816 F2d 674 United States v. Lee

816 F.2d 674

UNITED STATES of America, Plaintiff-Appellee,
Robert Edward LEE, Defendant-Appellant.

No. 86-7332.

United States Court of Appeals, Fourth Circuit.

Submitted Feb. 25, 1987.
Decided April 1, 1987.

Unpublished Disposition
NOTICE: Fourth Circuit I.O.P. 36.6 states that citation of unpublished dispositions is disfavored except for establishing res judicata, estoppel, or the law of the case and requires service of copies of cited unpublished dispositions of the Fourth Circuit.

Before SPROUSE and WILKINS, Circuit Judges, and BUTZNER, Senior Circuit Judge.

Robert Edward Lee, appellant pro se.

Vinton DeVane Lide, United States Attorney, for appellee.


view counter

Robert E. Lee, a federal prisoner, appeals from the district court's order dismissing his 28 U.S.C. Sec. 2255 motion. The district court referred Lee's motion to a magistrate pursuant to 28 U.S.C. Sec. 636(b)(1)(B). The magistrate considered the allegations raised in Lee's motion and recommended that the government's motion for summary judgment be granted. Lee was notified that he had ten days in which to file objections to the magistrate's report and was warned that failure to object would waive appellate review. See 28 U.S.C. Sec. 636(b)(1). Lee failed to file timely objections in the district court. The district court, after reviewing the magistrate's recommendation and considering the matter, adopted the magistrate's recommendation and denied relief under Sec. 2255.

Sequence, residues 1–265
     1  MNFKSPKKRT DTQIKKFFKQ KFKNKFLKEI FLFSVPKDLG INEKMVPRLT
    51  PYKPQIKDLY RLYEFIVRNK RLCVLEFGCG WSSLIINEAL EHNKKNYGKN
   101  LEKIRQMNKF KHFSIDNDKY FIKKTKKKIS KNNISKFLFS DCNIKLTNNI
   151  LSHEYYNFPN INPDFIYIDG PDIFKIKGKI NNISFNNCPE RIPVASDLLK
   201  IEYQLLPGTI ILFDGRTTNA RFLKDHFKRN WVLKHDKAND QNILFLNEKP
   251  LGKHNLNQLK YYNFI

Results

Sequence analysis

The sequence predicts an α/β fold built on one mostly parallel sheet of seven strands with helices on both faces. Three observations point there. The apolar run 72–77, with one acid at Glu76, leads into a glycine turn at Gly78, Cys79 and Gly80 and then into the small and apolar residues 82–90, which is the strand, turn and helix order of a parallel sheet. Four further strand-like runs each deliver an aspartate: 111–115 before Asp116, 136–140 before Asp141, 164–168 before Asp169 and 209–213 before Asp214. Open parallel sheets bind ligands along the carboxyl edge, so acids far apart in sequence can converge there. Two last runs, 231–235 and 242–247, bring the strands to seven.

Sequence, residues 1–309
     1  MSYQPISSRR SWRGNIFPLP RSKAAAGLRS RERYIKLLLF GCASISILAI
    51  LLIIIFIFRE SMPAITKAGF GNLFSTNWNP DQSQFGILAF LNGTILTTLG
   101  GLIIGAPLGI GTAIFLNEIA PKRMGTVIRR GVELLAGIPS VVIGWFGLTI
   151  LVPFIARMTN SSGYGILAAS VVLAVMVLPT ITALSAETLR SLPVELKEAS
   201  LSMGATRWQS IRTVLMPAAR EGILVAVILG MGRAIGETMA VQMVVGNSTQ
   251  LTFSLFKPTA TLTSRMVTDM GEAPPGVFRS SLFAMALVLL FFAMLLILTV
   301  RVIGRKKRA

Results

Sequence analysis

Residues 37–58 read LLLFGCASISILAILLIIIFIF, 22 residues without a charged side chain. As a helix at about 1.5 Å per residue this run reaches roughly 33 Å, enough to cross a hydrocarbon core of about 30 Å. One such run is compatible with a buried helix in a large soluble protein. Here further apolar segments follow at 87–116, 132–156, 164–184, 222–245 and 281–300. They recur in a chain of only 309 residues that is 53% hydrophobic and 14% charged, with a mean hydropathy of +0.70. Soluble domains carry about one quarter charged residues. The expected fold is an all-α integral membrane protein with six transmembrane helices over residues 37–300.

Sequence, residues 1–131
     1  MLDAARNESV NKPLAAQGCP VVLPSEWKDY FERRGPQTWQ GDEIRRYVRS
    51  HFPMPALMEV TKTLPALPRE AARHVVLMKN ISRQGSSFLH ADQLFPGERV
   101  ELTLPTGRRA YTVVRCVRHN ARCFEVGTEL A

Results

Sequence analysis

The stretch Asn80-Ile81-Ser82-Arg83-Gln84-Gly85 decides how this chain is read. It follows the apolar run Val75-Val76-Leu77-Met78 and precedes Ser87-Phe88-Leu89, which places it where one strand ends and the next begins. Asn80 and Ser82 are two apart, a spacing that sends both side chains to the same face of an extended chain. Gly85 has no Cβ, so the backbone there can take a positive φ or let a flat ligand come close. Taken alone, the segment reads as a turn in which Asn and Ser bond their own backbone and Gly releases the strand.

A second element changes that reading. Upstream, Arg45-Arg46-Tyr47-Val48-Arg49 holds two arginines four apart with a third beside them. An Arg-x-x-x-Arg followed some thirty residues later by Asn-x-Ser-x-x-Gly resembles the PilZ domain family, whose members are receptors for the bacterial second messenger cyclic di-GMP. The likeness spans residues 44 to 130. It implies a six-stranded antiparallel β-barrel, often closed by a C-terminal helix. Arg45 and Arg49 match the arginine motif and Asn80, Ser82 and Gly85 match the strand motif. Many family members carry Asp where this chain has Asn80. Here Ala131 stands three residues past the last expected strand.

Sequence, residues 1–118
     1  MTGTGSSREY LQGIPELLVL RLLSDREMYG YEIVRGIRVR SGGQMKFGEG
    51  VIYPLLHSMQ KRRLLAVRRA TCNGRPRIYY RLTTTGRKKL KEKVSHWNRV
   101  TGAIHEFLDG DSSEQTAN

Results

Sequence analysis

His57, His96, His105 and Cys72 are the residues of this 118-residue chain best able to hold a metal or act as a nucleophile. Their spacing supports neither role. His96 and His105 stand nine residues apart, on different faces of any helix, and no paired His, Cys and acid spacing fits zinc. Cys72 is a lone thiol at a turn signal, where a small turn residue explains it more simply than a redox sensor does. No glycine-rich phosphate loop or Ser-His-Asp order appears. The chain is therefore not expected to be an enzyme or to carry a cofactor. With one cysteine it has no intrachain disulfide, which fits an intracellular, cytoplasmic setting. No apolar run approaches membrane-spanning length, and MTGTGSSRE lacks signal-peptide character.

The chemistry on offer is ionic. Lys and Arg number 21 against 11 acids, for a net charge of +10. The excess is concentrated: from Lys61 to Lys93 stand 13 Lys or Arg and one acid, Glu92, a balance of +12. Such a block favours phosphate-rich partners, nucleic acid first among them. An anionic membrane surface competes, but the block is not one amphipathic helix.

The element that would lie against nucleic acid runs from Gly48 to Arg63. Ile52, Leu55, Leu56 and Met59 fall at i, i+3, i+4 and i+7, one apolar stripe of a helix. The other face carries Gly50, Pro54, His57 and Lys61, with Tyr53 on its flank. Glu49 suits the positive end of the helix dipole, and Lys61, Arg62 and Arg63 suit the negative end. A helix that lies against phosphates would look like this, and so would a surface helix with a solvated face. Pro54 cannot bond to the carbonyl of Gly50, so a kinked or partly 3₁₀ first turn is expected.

This Court has held that the filing of timely objections to a magistrate's report is necessary to preserve appellate review of the substance of that report. United States v. Schronce, 727 F.2d 91 (4th Cir.), cert. denied, 467 U.S. 1208 (1984); see also Thomas v. Arn, --- U.S. ----, 54 U.S.L.W. 4032 (Dec. 4, 1985). Because Lee failed to file objections after being advised of the need to do so, he has waived his right to appellate review.


As to the district court's refusal to grant Lee's post-judgment motion to withdraw his claims without prejudice, we find no abuse of discretion. Once the district court had resolved Lee's claims against him on the merits, dismissal of the claims without prejudice was unwarranted.


We dispense with oral argument because the dispositive issues have recently been decided authoritatively and affirm the judgment of the district court.